Part Three: Lake Myvatn and the sulphur fields
The area of Myvatn and the river Laxa which flows northwards from it is a major attraction for bird-watchers, as is Iceland generally, and we encountered parties of Americans in Iceland for just that reason. It seems that Iceland and the Falkland Islands are particularly attractive for them although Iceland is the easier of the two to reach.
Not far from Myvatn is a major area of volcanic activity. We visited the site after dinner, arriving at 10 p.m. and found we were the only people there.
Walking around the bubbling mud pools, craters and steam vents with a strong smell of sulphur all around, it was easy to imagine we were on the moon surface or another planet entirely and it was nearly midnight before we left.
There were a number of safety instructions and some dangerous parts were roped off but this apart it was left to you to enjoy these natural wonders entirely in your own way.
Not far away is the Krafla geothermal power plant which was also deserted and by this time it was after midnight and the light was approaching its lowest point,.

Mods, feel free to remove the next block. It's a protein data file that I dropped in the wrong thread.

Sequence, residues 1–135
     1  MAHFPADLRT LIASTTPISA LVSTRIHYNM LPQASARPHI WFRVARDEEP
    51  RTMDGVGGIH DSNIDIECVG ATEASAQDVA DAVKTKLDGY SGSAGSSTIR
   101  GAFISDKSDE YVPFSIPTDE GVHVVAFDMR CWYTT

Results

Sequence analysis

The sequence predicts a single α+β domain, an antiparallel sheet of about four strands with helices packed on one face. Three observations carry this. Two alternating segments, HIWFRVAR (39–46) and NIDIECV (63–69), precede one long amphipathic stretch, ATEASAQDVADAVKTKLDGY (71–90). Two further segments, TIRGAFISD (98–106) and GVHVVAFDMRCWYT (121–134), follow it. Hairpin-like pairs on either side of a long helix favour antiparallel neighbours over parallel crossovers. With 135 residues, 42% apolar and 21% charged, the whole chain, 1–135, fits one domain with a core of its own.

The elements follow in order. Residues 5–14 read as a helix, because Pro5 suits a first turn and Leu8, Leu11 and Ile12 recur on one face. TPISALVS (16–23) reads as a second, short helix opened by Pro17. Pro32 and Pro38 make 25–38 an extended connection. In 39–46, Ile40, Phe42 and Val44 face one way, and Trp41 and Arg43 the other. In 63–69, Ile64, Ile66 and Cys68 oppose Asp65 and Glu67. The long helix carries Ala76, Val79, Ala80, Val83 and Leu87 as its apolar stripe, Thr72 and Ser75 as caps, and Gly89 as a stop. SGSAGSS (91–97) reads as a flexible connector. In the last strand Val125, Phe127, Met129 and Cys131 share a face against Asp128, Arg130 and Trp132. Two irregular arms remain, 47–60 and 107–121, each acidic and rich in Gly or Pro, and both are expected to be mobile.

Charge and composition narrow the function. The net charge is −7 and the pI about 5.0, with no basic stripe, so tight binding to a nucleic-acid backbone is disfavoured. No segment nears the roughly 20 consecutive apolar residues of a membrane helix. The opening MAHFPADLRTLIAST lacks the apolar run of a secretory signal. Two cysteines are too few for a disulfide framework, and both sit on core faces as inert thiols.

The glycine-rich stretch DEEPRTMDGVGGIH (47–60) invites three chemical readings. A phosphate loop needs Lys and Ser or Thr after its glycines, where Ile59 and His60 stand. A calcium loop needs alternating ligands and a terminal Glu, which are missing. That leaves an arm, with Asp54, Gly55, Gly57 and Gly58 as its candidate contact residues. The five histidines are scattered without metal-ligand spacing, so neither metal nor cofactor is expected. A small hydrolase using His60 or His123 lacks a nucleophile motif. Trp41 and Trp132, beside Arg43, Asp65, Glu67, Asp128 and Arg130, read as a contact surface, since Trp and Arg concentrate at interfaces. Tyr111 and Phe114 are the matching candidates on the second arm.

Already we had come to appreciate the changing cloud formations. Why they should be so striking in this area I cannot imagine but we were frequently drawing attention to unusually beautiful skies
Our stay at Myvatn was for two nights so we had a full day to explore. We chose a circular route to the northern coast intending to take in a series of falls along the Dettifoss river valley and afterwards the port of Husavik. Unfortunately this turned out to be by far the worst day's weather of our stay with torrential rain much of the time. The roads became more and more treacherous and it was an endurance test rather than a day out. We completed the route but missed out the falls entirely.
As we departed Myvatn the next morning the millions of midges were still in evidence - as was the mosquito netting fixed to the headgear of those walking or cycling in the vicinity of the lake to protect the exposed parts of their heads and necks.